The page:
• Advertisement
  • Popular Tags

  • Popular Now

  • Advertisement
  • Similar Content

    • By Fadey Duh
      Good evening everyone!

      I was wondering if there is something equivalent of  GL_NV_blend_equation_advanced for AMD?
      Basically I'm trying to find more compatible version of it.

      Thank you!
    • By Jens Eckervogt
      Hello guys, 
       
      Please tell me! 
      How do I know? Why does wavefront not show for me?
      I already checked I have non errors yet.
      using OpenTK; using System.Collections.Generic; using System.IO; using System.Text; namespace Tutorial_08.net.sourceskyboxer { public class WaveFrontLoader { private static List<Vector3> inPositions; private static List<Vector2> inTexcoords; private static List<Vector3> inNormals; private static List<float> positions; private static List<float> texcoords; private static List<int> indices; public static RawModel LoadObjModel(string filename, Loader loader) { inPositions = new List<Vector3>(); inTexcoords = new List<Vector2>(); inNormals = new List<Vector3>(); positions = new List<float>(); texcoords = new List<float>(); indices = new List<int>(); int nextIdx = 0; using (var reader = new StreamReader(File.Open("Contents/" + filename + ".obj", FileMode.Open), Encoding.UTF8)) { string line = reader.ReadLine(); int i = reader.Read(); while (true) { string[] currentLine = line.Split(); if (currentLine[0] == "v") { Vector3 pos = new Vector3(float.Parse(currentLine[1]), float.Parse(currentLine[2]), float.Parse(currentLine[3])); inPositions.Add(pos); if (currentLine[1] == "t") { Vector2 tex = new Vector2(float.Parse(currentLine[1]), float.Parse(currentLine[2])); inTexcoords.Add(tex); } if (currentLine[1] == "n") { Vector3 nom = new Vector3(float.Parse(currentLine[1]), float.Parse(currentLine[2]), float.Parse(currentLine[3])); inNormals.Add(nom); } } if (currentLine[0] == "f") { Vector3 pos = inPositions[0]; positions.Add(pos.X); positions.Add(pos.Y); positions.Add(pos.Z); Vector2 tc = inTexcoords[0]; texcoords.Add(tc.X); texcoords.Add(tc.Y); indices.Add(nextIdx); ++nextIdx; } reader.Close(); return loader.loadToVAO(positions.ToArray(), texcoords.ToArray(), indices.ToArray()); } } } } } And It have tried other method but it can't show for me.  I am mad now. Because any OpenTK developers won't help me.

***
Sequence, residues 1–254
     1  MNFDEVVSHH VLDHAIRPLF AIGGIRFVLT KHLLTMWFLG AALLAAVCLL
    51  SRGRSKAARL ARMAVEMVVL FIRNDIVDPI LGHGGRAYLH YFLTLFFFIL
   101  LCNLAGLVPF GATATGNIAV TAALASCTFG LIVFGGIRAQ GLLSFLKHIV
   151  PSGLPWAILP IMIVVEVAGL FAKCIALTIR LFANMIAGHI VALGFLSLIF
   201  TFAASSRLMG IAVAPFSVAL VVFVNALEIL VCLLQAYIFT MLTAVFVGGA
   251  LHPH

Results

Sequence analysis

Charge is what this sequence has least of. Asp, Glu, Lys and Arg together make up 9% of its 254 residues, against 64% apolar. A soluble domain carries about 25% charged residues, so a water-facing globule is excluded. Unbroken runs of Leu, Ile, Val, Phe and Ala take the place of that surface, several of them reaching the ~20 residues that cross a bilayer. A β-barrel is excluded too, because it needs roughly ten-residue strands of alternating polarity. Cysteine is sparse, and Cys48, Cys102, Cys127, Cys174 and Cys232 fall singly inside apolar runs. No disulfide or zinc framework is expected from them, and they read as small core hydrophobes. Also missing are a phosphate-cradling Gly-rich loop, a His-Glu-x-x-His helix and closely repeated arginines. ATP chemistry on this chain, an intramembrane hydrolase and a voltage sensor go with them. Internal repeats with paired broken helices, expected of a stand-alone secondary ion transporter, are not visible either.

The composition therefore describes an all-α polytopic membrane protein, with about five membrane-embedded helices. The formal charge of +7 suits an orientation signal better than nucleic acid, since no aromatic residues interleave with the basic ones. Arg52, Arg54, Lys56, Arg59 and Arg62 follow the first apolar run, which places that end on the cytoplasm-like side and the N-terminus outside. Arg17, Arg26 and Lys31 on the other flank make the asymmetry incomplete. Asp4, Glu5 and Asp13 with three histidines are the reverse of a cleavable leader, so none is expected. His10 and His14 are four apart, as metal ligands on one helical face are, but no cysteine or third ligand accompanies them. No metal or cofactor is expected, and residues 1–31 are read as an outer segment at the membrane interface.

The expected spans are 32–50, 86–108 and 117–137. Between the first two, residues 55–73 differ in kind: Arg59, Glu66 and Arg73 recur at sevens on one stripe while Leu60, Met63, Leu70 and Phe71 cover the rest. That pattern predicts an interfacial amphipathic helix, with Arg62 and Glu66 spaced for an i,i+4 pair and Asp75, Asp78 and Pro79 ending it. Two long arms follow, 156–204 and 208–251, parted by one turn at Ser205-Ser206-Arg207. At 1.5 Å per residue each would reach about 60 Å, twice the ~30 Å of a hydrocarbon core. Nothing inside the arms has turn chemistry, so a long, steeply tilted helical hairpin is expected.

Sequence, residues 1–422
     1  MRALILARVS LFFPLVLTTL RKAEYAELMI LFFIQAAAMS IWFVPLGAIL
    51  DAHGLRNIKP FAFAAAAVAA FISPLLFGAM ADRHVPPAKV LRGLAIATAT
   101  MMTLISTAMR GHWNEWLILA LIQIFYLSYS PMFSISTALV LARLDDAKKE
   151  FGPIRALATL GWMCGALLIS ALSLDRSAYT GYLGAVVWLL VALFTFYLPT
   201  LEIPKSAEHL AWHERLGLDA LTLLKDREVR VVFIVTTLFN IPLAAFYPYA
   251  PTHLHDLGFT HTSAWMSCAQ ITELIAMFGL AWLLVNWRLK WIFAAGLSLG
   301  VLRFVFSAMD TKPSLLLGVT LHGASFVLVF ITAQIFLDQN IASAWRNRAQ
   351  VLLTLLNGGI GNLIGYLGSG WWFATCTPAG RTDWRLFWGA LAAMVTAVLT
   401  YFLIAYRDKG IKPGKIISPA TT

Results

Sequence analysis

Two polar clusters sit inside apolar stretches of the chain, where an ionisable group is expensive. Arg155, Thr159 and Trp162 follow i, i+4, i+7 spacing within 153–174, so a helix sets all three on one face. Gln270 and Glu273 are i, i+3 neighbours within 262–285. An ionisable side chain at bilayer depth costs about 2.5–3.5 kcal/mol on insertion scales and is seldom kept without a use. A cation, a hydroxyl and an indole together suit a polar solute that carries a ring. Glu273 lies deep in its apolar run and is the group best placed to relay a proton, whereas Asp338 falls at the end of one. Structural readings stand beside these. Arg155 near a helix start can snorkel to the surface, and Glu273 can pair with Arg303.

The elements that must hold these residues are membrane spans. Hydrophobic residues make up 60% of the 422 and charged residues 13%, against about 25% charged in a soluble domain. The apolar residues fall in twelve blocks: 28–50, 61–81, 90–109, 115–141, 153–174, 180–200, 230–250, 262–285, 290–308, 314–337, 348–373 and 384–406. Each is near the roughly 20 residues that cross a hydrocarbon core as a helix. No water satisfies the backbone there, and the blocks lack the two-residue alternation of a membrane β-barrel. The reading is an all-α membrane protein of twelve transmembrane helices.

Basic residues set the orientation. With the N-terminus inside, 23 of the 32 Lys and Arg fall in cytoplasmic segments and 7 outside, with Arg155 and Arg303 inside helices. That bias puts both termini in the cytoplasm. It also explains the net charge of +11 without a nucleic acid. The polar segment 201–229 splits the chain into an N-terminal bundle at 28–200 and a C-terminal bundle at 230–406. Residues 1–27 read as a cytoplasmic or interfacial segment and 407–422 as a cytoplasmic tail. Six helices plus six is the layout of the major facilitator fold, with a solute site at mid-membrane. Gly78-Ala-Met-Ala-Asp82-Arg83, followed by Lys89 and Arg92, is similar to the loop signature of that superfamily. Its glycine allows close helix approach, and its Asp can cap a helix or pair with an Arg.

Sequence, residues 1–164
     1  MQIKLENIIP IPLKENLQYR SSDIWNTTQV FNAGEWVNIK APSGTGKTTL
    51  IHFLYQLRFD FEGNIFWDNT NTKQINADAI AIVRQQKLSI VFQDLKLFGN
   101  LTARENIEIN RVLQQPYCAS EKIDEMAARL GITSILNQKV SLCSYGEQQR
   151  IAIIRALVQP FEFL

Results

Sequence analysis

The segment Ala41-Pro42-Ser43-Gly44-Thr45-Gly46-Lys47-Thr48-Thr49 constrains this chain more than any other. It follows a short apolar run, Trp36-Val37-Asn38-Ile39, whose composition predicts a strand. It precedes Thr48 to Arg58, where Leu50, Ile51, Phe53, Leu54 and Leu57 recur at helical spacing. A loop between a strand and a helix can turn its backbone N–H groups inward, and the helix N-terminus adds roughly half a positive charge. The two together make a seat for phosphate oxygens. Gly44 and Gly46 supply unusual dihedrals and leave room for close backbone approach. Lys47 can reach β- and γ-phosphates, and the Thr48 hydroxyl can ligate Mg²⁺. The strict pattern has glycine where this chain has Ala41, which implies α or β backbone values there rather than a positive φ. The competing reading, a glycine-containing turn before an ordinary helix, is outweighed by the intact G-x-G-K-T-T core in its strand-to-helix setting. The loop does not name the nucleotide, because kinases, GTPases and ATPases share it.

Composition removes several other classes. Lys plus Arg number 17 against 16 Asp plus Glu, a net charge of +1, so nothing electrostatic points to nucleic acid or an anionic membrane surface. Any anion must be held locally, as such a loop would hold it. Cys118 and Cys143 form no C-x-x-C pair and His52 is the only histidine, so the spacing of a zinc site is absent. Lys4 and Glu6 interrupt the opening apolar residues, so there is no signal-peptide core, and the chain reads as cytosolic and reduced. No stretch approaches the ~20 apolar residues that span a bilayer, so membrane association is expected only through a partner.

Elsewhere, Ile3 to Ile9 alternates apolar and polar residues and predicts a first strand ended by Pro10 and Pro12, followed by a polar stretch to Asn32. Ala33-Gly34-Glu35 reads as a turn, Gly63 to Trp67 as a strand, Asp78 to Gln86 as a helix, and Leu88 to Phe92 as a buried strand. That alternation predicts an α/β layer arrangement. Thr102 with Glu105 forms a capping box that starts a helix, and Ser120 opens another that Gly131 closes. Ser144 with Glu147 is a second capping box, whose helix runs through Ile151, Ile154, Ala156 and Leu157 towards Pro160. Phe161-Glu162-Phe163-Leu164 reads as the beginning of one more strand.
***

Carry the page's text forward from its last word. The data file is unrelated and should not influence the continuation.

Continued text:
Please help me how do I fix.

      And my download (mega.nz) should it is original but I tried no success...
      - Add blend source and png file here I have tried tried,.....  
       
      PS: Why is our community not active? I wait very longer. Stop to lie me!
      Thanks !
    • By codelyoko373
      I wasn't sure if this would be the right place for a topic like this so sorry if it isn't.
      I'm currently working on a project for Uni using FreeGLUT to make a simple solar system simulation. I've got to the point where I've implemented all the planets and have used a Scene Graph to link them all together. The issue I'm having with now though is basically the planets and moons orbit correctly at their own orbit speeds.
      I'm not really experienced with using matrices for stuff like this so It's likely why I can't figure out how exactly to get it working. This is where I'm applying the transformation matrices, as well as pushing and popping them. This is within the Render function that every planet including the sun and moons will have and run.